Walk with me the rows and whir: poor trees poor trees
poor wilderness clipped, fruit plucked, ugly branches robbed
of the weight of little animals. Pears rot around the roots,

blind black eyes in yellow skin infolding, eaten from inside

by neglect and wet. Along down the row and earth bends
away from them toward naked dirt between, and here,
in the cold cradle of winter, we wear high vulcanized boots,

and I work hard each day to remain in the world with you.

The poems in LIVES are grouped into four sections, three of which are built out of assemblages of shorter poems, but the second section holds but a single, extended poem that seems to anchor the collection as a whole, the poem “TRYING TO HEAR A HYMN TO LIFE.” Subtitled “after Donnelly & Schuyler,” the poem, as Evans offers in his acknowledgments, “is after poems called ‘Hymn to Life’ by Timothy Donnelly and James Schuyler, and also nods to poems of the same title by Lou Andreas-Salomé and Nazim Hikmet.” It is almost as though the entire collection swirls around this poem as a central core, akin to how Manitoba poet Di Brandt’s collection Now You Care (Toronto ON: Coach House Books, 2003) was structured around the central core of a longer sequence as well (my review of such seems to have fallen offline, formerly up via The Antigonish Review).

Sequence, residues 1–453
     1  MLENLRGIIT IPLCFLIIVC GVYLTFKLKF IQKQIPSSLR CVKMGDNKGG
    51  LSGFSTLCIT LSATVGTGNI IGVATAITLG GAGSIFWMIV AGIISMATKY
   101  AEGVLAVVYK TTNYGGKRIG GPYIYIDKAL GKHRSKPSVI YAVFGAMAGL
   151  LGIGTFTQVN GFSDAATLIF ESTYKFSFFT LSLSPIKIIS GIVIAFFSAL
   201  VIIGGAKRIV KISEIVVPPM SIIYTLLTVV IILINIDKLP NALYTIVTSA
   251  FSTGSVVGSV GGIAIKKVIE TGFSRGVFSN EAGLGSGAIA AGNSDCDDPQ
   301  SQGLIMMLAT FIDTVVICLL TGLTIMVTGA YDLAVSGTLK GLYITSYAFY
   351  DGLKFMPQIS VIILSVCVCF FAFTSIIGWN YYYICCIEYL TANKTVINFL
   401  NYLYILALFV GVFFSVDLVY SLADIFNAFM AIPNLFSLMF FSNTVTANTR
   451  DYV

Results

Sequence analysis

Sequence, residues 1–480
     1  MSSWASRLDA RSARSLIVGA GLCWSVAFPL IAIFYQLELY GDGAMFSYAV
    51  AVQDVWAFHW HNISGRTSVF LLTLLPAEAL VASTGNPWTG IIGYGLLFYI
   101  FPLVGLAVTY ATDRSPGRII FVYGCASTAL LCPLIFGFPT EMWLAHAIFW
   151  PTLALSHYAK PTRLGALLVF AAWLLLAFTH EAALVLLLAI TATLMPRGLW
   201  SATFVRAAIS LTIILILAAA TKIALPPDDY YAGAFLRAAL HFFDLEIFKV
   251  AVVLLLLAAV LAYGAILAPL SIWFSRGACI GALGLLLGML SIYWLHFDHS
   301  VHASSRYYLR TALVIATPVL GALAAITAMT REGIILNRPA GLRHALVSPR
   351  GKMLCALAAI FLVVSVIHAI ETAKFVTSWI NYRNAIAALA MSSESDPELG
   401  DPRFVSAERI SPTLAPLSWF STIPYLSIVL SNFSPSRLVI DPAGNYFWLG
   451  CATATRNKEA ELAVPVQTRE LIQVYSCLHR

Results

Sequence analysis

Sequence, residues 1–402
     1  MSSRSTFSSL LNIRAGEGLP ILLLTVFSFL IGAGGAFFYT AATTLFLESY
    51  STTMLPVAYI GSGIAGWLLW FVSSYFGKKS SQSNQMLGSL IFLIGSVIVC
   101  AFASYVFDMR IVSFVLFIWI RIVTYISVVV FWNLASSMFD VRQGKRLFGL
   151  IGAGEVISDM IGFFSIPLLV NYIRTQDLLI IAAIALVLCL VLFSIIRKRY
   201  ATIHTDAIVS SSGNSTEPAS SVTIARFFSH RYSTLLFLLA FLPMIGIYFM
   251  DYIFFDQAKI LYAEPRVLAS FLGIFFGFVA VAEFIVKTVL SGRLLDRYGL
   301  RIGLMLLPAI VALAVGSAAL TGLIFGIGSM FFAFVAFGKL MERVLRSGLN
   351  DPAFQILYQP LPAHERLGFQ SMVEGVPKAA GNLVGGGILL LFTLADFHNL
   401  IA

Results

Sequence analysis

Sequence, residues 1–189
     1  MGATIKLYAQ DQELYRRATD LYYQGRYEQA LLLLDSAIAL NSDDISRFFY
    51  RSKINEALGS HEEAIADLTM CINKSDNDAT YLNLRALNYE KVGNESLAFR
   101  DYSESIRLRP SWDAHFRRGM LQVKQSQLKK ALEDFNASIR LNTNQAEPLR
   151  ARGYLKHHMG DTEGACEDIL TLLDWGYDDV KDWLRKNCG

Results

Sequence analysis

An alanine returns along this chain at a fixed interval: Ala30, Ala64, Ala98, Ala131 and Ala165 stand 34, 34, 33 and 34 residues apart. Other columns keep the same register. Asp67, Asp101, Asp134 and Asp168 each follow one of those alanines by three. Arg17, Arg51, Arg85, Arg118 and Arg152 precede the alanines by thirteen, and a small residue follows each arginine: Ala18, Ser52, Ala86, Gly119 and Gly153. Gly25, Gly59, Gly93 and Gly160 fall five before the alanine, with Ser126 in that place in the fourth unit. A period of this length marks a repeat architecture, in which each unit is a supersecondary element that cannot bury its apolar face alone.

The narrative Evans writes across the seventy stanzas, each five lines in length, of “TRYING TO HEAR A HYMN TO LIFE” loop and swirl around a variety of images of wetlands and Lake Merritt, resting in the centre of Oakland, California, the Simon and Garfunkle song “America,” the memory of Sandy Hook, his daughter’s imaginary sabertooth, “Toothy,” and other family moments, connections, memories, dislocations and trauma, all wrapped up and around not only a belief in life itself, but the very act of that particular brand of faith. “I can’t see the lake from here,” he writes, early on in the poem, “but I believe / it still is. Just as I believe in the shellmounds / I’ll never see, the sabertooth, that the flat moon / is actually a sphere. I believe as I do / in this tabletop you can’t touch: wood pulp crushed // in a hydraulic press with glue.” Or later on in the same poem, offering: “I believe in this as much as god / or biology, which is to say, a bit less // than to make a bet with it against a bullet, / but enough. I call it belief, but it’s purposefully, / wondrously unexamined.” There is such a stunning beauty to this collection, one that shows itself as open-hearted while playing rather close to what might suggest a deeply-wounded chest. This is what one might call a darkly optimistic book; one filled with as much beauty as one can muster, and everything one can see after having been in the dark.